The Engineers Drawing Office was in the Victor Institute, in what had been the snooker hall. It was a very happy place, and being away from the main offices, was not so formal. This was still the time of surnames, pin striped trousers, black coats, or suits and so we were ‘rebels' in grey flannels and fair isle jumpers. If we had to go to the main building we had to borrow a coat or the security officer would not even let you into the corridors. It was during this time that I went into the main office via the senior staff entrance - or nearly did - I was grabbed by the collar and frog marched out to the street, lectured at great length about my insignificance in the world, and should there be a next time - the sack.
I married in August 1951, and we lived with my parents in Wricklemarsh Road. Helen joined the company shortly after, working for Mr. Hughes, the personnel manager, initially filing, and later, when Myrtle Holt left, she interviewed prospective female employees. John Roberts looked after the male side. Our marriage got a photo and write up in the house magazine.
Another family connection with Harvey's Dad’s sister, Mildred. She was Sydney Harvey's Private Secretary and a very formidable Lady - she frightened me and terrified my wife. Because of the family rift, we had never got to know her as an Aunt, and fortunately did not move in her elevated circles at work.
Harvey's owned many properties around Greenwich & Woolwich, which were rented to employees. The main estate was Harvey Gardens, alongside the 'valley' in Charlton. An application for housing had to be made to the Estates Manager. We had to wait some time, but in October 1953 were offered a 3rd floor flat in Harvey House, Nightingale Place, Woolwich Common. We loved it. The front rooms looked across the common to the Royal Artillery Barracks, and beyond to the Thames and Docks. Then in 1956 we applied for a ground floor flat, since the stairs had become a problem with a baby. The new address was The Anchorage, Vanbrugh Hill, Greenwich, so the stairs were replaced by the struggle to push a pram up Vanbrugh Hill. We were on the ground floor; the middle was empty I think, and Mr. & Mrs. Brighty loved on the top floor with their children Kay & Geoffrey. Mr. Brighty worked in the wages office and Helen already knew him from work. Helen and Mrs. Brighty became friends. Geoffrey is now a Conservative Councillor on the London Borough of Greenwich.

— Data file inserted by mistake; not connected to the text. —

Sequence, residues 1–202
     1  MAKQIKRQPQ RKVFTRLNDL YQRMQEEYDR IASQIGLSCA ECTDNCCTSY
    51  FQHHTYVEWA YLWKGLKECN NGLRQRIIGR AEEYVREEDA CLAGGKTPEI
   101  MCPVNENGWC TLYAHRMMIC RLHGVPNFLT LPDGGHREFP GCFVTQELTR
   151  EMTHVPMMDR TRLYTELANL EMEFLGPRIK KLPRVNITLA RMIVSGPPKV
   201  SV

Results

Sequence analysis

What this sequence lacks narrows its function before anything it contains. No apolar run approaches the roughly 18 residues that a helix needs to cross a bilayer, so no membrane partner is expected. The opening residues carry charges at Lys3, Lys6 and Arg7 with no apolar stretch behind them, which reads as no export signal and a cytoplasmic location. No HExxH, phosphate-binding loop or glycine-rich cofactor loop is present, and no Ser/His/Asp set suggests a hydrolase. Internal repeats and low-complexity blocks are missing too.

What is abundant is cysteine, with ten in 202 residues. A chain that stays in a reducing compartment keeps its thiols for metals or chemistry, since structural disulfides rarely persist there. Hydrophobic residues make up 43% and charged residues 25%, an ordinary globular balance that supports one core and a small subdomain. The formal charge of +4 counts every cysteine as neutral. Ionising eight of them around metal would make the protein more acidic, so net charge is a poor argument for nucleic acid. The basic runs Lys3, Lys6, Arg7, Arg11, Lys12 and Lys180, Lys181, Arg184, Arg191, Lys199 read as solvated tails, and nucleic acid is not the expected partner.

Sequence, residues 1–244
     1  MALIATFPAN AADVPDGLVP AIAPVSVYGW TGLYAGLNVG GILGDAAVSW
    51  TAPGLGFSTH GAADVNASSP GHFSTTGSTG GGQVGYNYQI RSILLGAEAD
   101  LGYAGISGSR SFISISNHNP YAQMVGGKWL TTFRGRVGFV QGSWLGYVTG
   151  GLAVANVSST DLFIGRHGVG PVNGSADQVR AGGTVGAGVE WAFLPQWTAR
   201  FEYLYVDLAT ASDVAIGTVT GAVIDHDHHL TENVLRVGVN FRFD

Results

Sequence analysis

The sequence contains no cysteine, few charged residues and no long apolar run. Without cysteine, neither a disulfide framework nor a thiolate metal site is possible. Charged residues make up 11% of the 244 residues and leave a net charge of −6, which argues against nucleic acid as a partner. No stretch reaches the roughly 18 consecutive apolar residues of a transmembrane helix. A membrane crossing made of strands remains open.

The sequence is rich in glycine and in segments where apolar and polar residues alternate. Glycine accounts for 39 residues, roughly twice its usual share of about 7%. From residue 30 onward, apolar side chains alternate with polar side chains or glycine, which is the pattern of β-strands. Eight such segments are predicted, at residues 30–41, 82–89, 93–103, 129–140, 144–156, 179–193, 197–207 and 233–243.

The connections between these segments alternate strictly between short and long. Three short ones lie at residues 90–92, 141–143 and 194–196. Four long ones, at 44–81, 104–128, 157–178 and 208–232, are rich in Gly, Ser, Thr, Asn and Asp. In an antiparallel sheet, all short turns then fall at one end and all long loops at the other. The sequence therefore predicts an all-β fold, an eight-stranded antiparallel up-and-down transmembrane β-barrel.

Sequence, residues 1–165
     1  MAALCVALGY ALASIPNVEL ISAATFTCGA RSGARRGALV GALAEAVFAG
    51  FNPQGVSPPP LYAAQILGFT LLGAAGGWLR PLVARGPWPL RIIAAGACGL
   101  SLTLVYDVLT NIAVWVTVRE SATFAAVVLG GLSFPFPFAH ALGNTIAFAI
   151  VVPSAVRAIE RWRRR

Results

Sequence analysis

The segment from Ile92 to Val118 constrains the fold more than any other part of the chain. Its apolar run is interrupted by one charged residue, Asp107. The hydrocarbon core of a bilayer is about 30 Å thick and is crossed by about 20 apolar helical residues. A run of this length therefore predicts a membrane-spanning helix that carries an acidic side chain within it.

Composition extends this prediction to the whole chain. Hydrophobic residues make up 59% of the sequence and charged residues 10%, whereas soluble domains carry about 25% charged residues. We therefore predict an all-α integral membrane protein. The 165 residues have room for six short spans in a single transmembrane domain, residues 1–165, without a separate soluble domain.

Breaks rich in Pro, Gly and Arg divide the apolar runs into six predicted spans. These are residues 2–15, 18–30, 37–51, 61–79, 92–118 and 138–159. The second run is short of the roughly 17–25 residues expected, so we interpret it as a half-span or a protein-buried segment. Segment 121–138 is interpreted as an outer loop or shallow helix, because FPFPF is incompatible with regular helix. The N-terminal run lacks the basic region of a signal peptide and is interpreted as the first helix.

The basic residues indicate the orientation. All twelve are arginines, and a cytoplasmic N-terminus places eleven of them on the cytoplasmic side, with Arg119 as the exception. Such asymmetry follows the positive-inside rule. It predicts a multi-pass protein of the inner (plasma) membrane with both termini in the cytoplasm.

In the far south east corner of the Harvey works, hidden away, was a small subsidiary company which made high quality oak shelving for libraries. This was Libraco, run by Mr. Mandry. His pleasant and clever son Bill took over our Drawing Office and instigated a planned maintenance scheme for all the plant, a lot of work, looking at every machine and deciding how and when it should be maintained. Each draughtsman was allocated a number of machines to study and become familiar with. In the event of a breakdown or repair, we would then assist the maintenance staff by drawing up any parts wanted and arranging manufacture. It all seemed to work well.
At a later date and out of the blue, our cosy office was moved to the top floor of one of the two 'new buildings'. Concrete floor, concrete ceiling, and the smell of paint drifting up from the Steel Equipment spray shop below. Not ideal for a drawing office, and one or two of my friends left. The happy days had gone. I started to scan the job adverts and went to a few interviews. At that time it was quite usual for young draughtsmen to move around to gain experience.
Sydney Harvey had died, and his son Gordon took over as Chairman. He started bringing in young "whizz kids" who were going to make this old fashioned firm into a modern commercial success. My Father, by then acknowledged as the leading expert in metal perforating in the UK, was to be 'advised' by a 30 year old, "still wet behind the ears”. Other senior staffs were similarly treated. My Parents, we visited my parents, who by now lived at Orpington, and Dad, visibly upset, told us of the changes occurring at Harveys. "It was going downhill fast, it may last 20 years, it could be gone in 5, and my prime concern is to get you out of the Harvey tied house". This was all a great shock. Although I'd only worked there a short time, our whole family life had revolved around Harvey's. It was suggested that we move into their Bungalow for as long as it took to buy our own place.
Friday 22nd Feb 1957 was my last day at Harvey's. I like to think that Sydney Harvey would have been sad. I wonder if he ever found out which department I worked in. Two weeks later we moved from our nice, but tied flat.
Dad soldered on until retirement in 1962, in increasing bitterness and dismay at what was happening to our family firm. Aunt Mildred had long gone, so Dad had the sad honour of being the last of the Harvey Clarkes.
My connections and interest with Harvey's stopped in 1962, and only now, in old age, do I wonder how it all ended, and would my life have taken a different path if Sydney Harvey’s son had been different.